Gary Wilks is a firm believer in being at the right place, at the right time.

It also doesn’t hurt when a superstar like Lady Gaga compliments your work and posts it on her Instagram account.

But let’s not get too far ahead in a story that defies imagination, a tale that is so inspirational that it proves fact is stranger than fiction.

Let’s go back to 1976 when a kid from Raytown High School was working on the Kansas City Royals ground crew.

While Wilks befriended many of the Royals, who would win their first division championship that season, he was enchanted by the wide array of art that appeared at the stadium.

While an artist named Bob Huggins – remember that name – was painting a tri-vision (a sign that rotates and features three images) in the outfield, Wilks was mesmerized.

“I just stopped and watched him paint that sign and I said to myself, ‘That’s what I want to do.’”

Wilks left the ground crew in 1980, and over that four-year period, his love of art burned with a passion that would lead to the type of success he could never dream of in his teens.

He eventually went to work for Calvin Sign in Kansas City.

“I think they hired me to keep me from calling and bugging them all the time,” chuckled Wilks, as he sat in the studio inside his Lee’s Summit home, surrounded by larger-than-life paintings of Johnny Cash, Bruce Springsteen, Marilyn Monroe and Chiefs quarterback Patrick Mahomes.

He spent eight years at Calvin Sign, working on billboards, lettering doors and windows of office buildings and fine tuning and honing the portraits that would soon be his claim to fame.

He heard of an opening at Gannett Outdoor, the largest outdoor advertising firm in North America. Ironically, he replaced Huggins, who unknowingly inspired the young artist nearly a decade earlier.

“My first billboard was the Converse billboard downtown leading up to KU being in the Final Four in 1988,” Wilks said, “and I was so stoked.”

After seven years at Gannett, he caught word of this newfangled computer printing taking over the outdoor sign business.

“So I made a beeline over to Acme Sign, and that was pretty amazing,” Wilks said. “We did the templates for the NFL playing surfaces and the 1996 Olympics. We even created the Struttin’ Man statue that is in front of the Gates Bar-B-Q offices in ... Kansas City.”

“We did a little bit of everything, and I loved it.”

But the best was yet to come.

A salesperson from Acme was working with a new account, the Sprint Center, and someone from the new venue asked if anyone at Acme did portraits.

This is the right place, right time portion of Wilks’ career.

“It was 2008 and our salesperson came back to Acme and asked me if I wanted to do some portraits for the Sprint Center,” Wilks said, “and I said sure. I had NO IDEA what it would turn into, what it would mean for me and my family.”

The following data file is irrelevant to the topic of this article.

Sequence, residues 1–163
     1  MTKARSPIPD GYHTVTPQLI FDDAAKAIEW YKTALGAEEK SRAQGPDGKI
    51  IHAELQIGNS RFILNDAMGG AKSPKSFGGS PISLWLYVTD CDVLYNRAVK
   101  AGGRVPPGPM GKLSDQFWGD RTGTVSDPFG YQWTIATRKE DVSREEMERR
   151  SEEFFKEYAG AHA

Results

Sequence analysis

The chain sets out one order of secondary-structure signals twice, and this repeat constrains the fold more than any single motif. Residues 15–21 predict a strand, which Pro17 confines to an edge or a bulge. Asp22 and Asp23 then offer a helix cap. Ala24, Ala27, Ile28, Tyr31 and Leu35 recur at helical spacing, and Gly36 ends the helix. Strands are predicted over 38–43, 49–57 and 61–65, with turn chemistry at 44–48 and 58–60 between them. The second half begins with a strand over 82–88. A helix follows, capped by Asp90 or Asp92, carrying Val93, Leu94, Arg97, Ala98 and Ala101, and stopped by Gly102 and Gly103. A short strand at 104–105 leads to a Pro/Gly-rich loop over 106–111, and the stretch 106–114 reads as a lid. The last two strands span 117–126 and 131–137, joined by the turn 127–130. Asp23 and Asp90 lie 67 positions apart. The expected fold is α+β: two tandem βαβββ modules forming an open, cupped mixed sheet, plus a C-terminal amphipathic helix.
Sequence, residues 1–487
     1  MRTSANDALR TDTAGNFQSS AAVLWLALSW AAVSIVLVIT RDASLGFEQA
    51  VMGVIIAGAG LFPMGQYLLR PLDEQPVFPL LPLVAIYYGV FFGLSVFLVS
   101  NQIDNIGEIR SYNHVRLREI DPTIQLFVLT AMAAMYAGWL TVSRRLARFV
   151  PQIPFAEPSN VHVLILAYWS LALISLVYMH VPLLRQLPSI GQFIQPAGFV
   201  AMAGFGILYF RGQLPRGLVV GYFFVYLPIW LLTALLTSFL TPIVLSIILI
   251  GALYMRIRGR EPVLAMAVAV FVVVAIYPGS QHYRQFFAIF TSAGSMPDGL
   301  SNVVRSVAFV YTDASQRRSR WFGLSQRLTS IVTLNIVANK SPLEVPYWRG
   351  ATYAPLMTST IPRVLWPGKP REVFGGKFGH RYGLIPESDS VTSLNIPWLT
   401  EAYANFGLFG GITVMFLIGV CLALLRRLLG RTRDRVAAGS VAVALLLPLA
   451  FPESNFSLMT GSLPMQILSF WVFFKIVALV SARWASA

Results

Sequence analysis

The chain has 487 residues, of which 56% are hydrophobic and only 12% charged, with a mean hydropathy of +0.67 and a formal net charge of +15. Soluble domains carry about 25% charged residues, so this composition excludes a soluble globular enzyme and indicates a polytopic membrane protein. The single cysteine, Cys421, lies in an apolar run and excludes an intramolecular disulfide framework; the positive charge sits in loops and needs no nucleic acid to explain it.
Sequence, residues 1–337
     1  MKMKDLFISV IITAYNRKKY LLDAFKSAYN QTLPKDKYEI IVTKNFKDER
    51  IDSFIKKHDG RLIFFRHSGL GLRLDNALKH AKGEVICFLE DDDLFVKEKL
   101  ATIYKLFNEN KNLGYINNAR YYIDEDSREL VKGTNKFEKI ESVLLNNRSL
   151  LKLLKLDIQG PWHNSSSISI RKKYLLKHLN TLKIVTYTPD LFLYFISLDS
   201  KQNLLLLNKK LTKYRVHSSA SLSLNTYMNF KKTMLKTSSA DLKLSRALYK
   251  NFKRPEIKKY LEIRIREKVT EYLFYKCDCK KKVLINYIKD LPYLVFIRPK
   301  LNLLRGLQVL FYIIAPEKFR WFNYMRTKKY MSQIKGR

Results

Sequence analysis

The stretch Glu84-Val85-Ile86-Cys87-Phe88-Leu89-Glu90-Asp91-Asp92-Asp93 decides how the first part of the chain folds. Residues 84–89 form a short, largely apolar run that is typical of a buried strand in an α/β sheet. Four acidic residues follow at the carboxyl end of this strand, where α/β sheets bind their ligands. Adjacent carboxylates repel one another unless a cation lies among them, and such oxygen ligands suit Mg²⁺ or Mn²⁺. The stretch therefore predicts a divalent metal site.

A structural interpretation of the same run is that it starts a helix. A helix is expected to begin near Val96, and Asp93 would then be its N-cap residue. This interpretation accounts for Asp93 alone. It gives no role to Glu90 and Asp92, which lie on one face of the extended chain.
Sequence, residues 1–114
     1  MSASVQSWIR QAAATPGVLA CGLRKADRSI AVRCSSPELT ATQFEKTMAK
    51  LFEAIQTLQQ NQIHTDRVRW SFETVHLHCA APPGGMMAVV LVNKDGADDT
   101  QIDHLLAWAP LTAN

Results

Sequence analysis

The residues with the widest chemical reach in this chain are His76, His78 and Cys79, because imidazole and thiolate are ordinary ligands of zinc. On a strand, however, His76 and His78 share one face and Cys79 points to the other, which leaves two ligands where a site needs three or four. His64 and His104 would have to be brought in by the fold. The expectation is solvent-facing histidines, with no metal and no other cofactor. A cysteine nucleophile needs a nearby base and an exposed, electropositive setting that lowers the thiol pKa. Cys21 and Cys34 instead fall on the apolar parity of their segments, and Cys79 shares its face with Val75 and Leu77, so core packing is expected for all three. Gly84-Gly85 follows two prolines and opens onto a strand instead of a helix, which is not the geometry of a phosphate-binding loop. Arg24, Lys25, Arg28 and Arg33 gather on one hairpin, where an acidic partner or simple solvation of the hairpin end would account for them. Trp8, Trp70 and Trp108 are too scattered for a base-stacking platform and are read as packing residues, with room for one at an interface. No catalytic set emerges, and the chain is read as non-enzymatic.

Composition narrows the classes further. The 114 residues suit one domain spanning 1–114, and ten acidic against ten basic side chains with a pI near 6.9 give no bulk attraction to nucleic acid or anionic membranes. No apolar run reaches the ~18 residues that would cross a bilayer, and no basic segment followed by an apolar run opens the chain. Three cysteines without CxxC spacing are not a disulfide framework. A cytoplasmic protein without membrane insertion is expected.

Speaking of family, Wilks married his high school sweetheart Rhonda, who attended Van Horn High School, and they have three daughters – Dana and Brynne, who graduated from William Chrisman High School and Michaela, a Blue Springs South grad.

“So I started doing the portraits and my friend, a great Independence artist named Greg Price, who does all the layout and graphics on the portraits,” Wilks said. “And I am proud to say, I have never missed a deadline. And I still charge the same price I did when I started 11 years ago.”

In the backstage area and on the suite level, signed portraits of Elton John and Garth Brooks – the two performers who opened the arena in 2008 – can be found alongside portraits of Billy Joel, Roger Waters, Tom Petty, Def Leppard, Drake, Stevie Wonder and Lady Gaga.

“This gets pretty interesting,” Wilks said. “I got an email last year from the Sprint Center saying that last year would be the last time they would need my portraits. I was disappointed, but I thought, ‘Heck, it was a great run and I had a lot of fun.’

“Then, Lady Gaga posted a picture of her, with my portrait, on her Instagram account, and talked about how much she liked it.”

Soon, the Sprint Center crew sent Wilks a second email, saying that they wanted him to continue. Sitting in his office, waiting to be delivered to the Sprint Center, is a portrait of Thomas Rhett, whose Very Hot Summer Tour is coming to town, along with a group painting of the Backstreet Boys.

“The painting of the Backstreet Boys will be No. 300,” Wilks said. “Man, 300. That’s pretty amazing.”

Wilks is now a full-time artist and his commissions include family portraits, brides, entertainers – he just finished a five-foot tall black-and-white study of guitar legend Stevie Ray Vaughn – and athletes.

Steve Rowley commissioned his friend to do a Mahomes piece that was auctioned off for more than $30,000 – which included the original, artist proofs and limited-edition prints.

“We raised over $300,000 at Tomstock 2019,” Rowley said, referring to the sixth annual event that has raised more than $1 million for the H8 Cancer Foundation, “and Gary’s painting and the prints of the piece he did of Patrick Mahomes accounted for about 10 percent of the total. His work is amazing, and once we showed everyone there the original, we sold out of the raffle tickets.”

That figure staggers Wilks’ imagination.

“I can’t believe it made that type of impact,” said Wilks

Wilks work will be featured in the Lee’s Summit Art Fair, Oct. 11-13, and he always ready to visit with a potential customer who wants something special to dress up a family room.

“I have never been happier,” Wilks said. “I’m doing what I love, I’m working out of my home, and I hope I’m creating art that will really inspire people.”